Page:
Written by Jill Shearer
Playwright Jill Shearer is full of surprises. I’d never have picked her as a surfy chick, but in her latest play she gets the surf culture down to a T. (“Sometimes I have to get by with a little help from my friends,” she confessed afterwards.)
This uncanny ability to get inside a culture is what makes her an enduring playwright, as well as one of Australia’s best, because she can understand the mind-set of the Great Aussie Loser, the Ugly Tourist, the Angry Terrorist and the Passive Sufferer better than any newspaper journalist or film maker. Time and again, through her twenty plays, she has tackled new themes that are topical but strictly focussed, achieving that difficult task of approaching the universal truth through the individual experience, so that in this instance we see the horrors of the Bali bombing not through the lens of a camera, or even up close, but as the natural culmination of a failure of relationships on a personal as well as an ethnic and religious scale.
Tourists go to Bali for many reasons, not all of them for illicit drugs and forbidden sex. They go to ride the waves, get cheap beach massages for a tenth of the price they’d pay at home, work on their suntans, play all day and night and, in some cases, to try to understand rather than exploit the local culture.
Kate and Steve (school principal and out-of-work salesman) are there at Kate’s father’s insistence and expense to patch up their failing marriage. Steve (played by Lucas Hickey as if he had come straight from the set of Home and Away), instead of immediately bedding his gorgeous wife Kate (Jacki Mison with perhaps a touch too much of the catwalk about her), goes to the beach to do what Aussie boys do, and falls in with a seemingly gentle Javanese man (Peter Kattach gets this complex character very well) who wants to learn to surf. Caveat Emptor! (Buyer beware!) we immediately think – or do we? Are we as ready to believe in his cross-cultural innocence as Steve is? Is there a sub-text to his friendly demeanour?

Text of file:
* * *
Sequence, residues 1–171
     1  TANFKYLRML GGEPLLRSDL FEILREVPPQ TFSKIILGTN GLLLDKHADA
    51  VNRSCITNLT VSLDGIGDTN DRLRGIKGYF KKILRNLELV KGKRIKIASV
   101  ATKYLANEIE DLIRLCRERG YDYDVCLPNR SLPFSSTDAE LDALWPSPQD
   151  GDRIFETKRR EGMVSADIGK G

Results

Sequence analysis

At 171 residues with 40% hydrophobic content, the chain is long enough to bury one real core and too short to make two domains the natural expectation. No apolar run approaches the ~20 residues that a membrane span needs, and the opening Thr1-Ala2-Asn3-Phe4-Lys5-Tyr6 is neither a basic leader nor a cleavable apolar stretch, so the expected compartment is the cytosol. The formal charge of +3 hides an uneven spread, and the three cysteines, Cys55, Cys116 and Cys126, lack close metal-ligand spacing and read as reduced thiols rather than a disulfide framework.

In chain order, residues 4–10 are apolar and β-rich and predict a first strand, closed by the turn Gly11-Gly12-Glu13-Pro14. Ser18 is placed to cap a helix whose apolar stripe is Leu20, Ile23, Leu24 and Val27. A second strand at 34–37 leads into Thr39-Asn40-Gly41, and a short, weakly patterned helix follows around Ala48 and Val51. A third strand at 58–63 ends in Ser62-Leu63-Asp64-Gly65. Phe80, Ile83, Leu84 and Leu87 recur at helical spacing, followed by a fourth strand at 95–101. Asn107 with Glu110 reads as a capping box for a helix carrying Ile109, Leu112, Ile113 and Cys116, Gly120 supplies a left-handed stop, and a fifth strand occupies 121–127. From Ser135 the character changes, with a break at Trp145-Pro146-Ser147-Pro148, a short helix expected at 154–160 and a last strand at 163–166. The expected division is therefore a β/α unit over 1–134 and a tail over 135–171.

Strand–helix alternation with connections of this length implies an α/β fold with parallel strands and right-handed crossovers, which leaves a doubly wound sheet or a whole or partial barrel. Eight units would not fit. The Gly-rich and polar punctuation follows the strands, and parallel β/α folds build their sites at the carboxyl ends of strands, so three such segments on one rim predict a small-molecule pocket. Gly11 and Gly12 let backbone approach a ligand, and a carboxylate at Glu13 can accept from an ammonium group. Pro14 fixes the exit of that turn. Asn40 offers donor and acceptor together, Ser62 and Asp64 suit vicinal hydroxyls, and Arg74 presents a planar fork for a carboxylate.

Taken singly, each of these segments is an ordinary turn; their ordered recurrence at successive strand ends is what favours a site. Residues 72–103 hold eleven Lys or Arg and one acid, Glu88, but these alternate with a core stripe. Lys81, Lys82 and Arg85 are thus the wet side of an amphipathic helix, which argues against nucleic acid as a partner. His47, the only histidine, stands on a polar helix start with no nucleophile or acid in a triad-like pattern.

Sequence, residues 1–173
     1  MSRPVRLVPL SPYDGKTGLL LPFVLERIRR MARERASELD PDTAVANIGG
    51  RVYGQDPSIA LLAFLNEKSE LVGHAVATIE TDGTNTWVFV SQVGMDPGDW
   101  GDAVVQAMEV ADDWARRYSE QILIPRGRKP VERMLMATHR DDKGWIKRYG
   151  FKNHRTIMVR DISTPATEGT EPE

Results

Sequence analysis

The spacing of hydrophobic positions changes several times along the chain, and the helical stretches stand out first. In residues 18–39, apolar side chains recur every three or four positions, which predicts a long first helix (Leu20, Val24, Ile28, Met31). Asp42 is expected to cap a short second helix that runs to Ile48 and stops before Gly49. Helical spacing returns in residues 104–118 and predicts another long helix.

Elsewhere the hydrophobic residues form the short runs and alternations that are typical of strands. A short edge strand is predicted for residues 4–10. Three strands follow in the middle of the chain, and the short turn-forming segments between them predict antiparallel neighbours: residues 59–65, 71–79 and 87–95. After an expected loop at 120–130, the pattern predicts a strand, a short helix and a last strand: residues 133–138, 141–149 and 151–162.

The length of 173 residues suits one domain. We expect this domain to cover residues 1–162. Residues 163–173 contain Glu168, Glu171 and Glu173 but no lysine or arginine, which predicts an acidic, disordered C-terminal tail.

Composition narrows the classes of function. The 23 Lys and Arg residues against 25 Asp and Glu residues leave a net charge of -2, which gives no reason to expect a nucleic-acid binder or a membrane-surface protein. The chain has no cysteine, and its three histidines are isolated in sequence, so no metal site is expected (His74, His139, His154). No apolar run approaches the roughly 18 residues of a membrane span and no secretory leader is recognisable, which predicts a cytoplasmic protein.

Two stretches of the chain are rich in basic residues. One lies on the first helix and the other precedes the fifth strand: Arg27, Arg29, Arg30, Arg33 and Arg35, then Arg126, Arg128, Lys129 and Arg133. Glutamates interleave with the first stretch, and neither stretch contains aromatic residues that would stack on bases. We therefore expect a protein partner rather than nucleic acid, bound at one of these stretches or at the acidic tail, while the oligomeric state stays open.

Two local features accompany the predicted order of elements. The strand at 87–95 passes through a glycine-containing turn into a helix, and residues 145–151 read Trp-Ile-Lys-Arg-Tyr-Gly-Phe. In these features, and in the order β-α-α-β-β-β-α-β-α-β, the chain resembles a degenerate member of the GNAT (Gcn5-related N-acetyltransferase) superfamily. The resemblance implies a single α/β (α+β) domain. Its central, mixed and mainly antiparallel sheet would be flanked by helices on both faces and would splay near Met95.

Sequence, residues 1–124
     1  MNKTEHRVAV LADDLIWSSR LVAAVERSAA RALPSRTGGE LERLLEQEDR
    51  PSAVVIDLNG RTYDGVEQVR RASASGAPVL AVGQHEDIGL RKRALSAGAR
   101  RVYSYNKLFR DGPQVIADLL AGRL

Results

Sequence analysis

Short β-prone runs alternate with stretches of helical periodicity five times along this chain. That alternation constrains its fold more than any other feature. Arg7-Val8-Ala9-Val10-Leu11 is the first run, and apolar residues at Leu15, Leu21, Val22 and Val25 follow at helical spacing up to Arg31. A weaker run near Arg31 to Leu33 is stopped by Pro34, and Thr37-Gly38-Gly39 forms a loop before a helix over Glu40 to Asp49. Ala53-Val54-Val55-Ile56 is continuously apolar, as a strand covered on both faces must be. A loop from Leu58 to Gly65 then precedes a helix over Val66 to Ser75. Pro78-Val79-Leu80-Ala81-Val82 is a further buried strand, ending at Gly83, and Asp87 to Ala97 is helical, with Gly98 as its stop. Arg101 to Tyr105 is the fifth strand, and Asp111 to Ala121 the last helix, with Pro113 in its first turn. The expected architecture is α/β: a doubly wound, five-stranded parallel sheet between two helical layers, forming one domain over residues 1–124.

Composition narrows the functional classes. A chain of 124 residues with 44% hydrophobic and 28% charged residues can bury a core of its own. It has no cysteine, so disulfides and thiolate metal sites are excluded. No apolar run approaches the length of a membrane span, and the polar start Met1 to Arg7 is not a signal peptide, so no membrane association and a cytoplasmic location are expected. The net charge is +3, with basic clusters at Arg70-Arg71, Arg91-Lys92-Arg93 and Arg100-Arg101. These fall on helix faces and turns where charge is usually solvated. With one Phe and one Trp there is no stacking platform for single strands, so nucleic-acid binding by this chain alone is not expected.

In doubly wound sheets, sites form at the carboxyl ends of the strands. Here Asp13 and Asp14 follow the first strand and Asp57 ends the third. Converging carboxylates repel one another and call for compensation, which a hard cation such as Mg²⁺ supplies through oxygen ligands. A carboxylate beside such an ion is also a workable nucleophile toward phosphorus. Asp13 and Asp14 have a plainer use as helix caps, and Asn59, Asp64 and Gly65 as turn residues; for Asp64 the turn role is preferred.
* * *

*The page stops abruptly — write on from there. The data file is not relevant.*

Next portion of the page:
You have to know something about the difference between Bali and Java to understand this man Ketut, and here Jill Shearer has done her homework well, for it’s only when his retiring Balinese girlfriend Made (a quiet and powerful performance from Indra Ryan here) drops a hint about his background that we begin to understand his flashes of anger, his hot temper and his unwillingness to listen and, of course, the terror he inevitably unleashes.
This is a play about irreconcilable differences, and the title itself is a hidden warning, for Candi Bentar is a kind of split gate, of a type found only in Bali. On every level the play subtly uses this metaphor, mostly unspoken and often ironically, and it’s only when we reach the end that we recognise its ultimate truth. For the world ends here with both a bang and and, for the survivors, with a whimper, and there are no happy endings for anyone.
Sandra Hines has given this play everything that she and the Arts Theatre have to offer, and it’s far more than just the valiant effort that many of their productions are. More natural cadences and better projection of the voices would have helped the text, I think, which was often drowned by the overwhelming noise of the soundscape, and I wasn’t the only one in the audience to agree with the characters when they told the incessant gamelan music to shut the f… up, but when the sound operator learns to get the balance right, the text will be allowed to speak in its own right. .
It’s a good production but, with all due respect to the Arts Theatre, a new Australian play as good as this one, and a playwright as distinguished as Shearer, deserves a professional production, and I can’t think why La Boite, for example, which prides itself on encouraging new Australian drama, let it go. I hope it has a life beyond the amateur stage, but until that time, you won’t be disappointed by this production, and it’s a chance to see an Australian play which is neither formulaic nor blatantly exploits the zeitgeist. Jill Shearer is one of Brisbane’s living treasures, and any of her plays is a treat, but for my money, Candi Bentar is one of her very best.
Directed by Sandra Hines
Designer Una Hollingworth
Playing until 3 February 2007, Wednesday to Saturday at 8pm
Duration : 2 hours, with a 20 minute interval